What if there are insufficient funds in the probate estate at the time of distribution to pay our Investor?
This is one of the major risks our Investor assumes when it advances inheritance cash to an heir. If an heir gives accurate information on their application and honors the assignment agreement, they have no personal liability for payment of the advance.
What happens if a previously unknown creditor makes a claim on the probate estate?
This is another risk that our Investor takes away from the heir. If there are insufficient assets at the end of the probate to cover the amount of the assignment, our Investor simply takes the loss. The heir is not liable to pay back the assignment unless, of course, the heir was aware of the claim(s) and failed to tell our Investor about it in the application process.
What happens if the distribution of the probate estate is delayed?
Our Investor must wait until the probate estate is ready to distribute. There is no recourse to the funded heir for any delays in the distribution. The assignment does not accrue interest or become more expensive. No matter how long the distribution is delayed, our client’s flat fee will never increase! On the other hand, we offer significant discounts if we are paid back earlier than anticipated.
Are there any geographic limitations on funding?
Our Investor works with heirs to estates in every state in the US. We do not work with estates outside of the US.
What if the heir lives in a different state than where the probate estate is open?
It is common for the heirs of a probate estate to reside in a state different from where the estate is going through probate. This is not a problem at all! We routinely work with estates in counties all over the country. We also work closely with county probate courts and probate attorneys all across the United States.
Who should I call if I have any questions?
For questions about an inheritance advance, or to refer heirs or beneficiaries, call us at (562) 301-7231 during California business hour.
How do I apply for an advance on my inheritance?
The quickest and easiest way to apply is by contact us by online form.
Inheritance and Probate Glossary
A person or institution appointed by the court (in the absence of a will otherwise naming an executor) to distribute the assets according to state intestacy laws and to pay creditors and taxes. The intestate personal representative.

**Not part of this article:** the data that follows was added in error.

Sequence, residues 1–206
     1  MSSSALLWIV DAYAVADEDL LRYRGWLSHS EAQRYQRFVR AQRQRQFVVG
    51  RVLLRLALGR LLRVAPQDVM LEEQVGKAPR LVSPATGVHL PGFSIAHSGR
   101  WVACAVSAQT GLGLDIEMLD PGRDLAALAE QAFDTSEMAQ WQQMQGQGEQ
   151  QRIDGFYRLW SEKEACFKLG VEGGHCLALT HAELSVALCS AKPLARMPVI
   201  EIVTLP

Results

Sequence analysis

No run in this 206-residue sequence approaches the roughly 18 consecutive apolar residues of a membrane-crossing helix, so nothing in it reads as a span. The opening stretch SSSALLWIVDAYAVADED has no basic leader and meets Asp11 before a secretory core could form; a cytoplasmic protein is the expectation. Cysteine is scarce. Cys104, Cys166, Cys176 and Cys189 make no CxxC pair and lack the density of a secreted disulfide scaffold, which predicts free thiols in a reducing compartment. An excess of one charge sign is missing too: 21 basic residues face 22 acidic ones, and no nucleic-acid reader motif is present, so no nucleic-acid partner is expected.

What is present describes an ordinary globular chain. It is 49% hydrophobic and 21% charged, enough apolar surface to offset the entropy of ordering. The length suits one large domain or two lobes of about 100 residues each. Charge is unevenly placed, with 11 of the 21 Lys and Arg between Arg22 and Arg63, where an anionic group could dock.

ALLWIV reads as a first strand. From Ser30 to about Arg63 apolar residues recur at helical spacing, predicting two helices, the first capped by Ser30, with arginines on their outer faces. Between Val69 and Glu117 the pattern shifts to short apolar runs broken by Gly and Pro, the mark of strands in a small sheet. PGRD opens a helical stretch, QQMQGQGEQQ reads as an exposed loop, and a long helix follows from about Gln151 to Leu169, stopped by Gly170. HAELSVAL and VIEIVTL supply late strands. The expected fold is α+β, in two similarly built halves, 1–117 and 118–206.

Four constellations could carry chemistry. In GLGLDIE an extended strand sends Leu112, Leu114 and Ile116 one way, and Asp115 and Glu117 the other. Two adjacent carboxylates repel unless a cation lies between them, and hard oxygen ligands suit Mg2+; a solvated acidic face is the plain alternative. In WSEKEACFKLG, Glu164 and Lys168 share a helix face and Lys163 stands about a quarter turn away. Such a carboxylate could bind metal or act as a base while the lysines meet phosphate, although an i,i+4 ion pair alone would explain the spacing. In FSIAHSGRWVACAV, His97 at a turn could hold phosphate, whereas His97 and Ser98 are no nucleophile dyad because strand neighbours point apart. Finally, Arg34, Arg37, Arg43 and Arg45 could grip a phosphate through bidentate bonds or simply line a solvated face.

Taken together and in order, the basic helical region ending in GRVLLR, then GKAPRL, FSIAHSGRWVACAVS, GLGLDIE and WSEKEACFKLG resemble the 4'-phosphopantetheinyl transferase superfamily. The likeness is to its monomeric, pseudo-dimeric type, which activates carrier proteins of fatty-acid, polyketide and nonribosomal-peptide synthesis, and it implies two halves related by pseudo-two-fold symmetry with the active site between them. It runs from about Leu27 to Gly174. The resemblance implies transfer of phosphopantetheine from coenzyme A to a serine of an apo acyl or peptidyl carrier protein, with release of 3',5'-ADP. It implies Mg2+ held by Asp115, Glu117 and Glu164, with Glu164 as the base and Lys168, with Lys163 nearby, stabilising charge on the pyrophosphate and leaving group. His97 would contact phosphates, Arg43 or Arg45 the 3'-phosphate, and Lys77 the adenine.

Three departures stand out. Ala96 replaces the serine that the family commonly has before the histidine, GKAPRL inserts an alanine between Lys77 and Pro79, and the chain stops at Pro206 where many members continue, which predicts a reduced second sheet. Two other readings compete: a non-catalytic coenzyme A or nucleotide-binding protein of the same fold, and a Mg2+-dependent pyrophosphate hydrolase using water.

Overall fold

A written statement made under oath.
Age of majority
The age when a person acquires all the rights and responsibilities of being an adult. In most states the age of majority is 18.
The transfer of legal rights from one person to another.
Person named in a will or insurance policy to receive money or property; person who receives benefits from a trust.
The profit made from the sale of a capital asset, such as real estate, jewelry, or stocks and bonds.
The loss that results from the sale of a capital asset, such as real estate, jewelry or stocks and bonds.
Chapter 13 bankruptcy
A type of bankruptcy in which a person keeps his assets and pays creditors according to an approved plan.
Codicil:. An amendment to a will.
Chapter 7 bankruptcy
A type of bankruptcy in which a person’s assets are liquidated (collected and sold) and the proceeds are distributed to the creditors.
In some states, a couple is considered married if they meet certain requirements, such as living together as husband and wife for a specific length of time. Such a couple has all the rights and obligations of a traditionally married couple.
Property acquired by a couple during their marriage. Refers to the system in some states for dividing the couple’s property in a divorce or upon the death of one spouse. In this system, everything a husband and wife acquire once they are married is owned equally (fifty-fifty) by both of them, regardless of who provided the money to purchase the asset or whose name the asset is held in.
Person or institution designated by the court to protect the interests of an incompetent and act on his/her behalf. Sometimes called a guardian.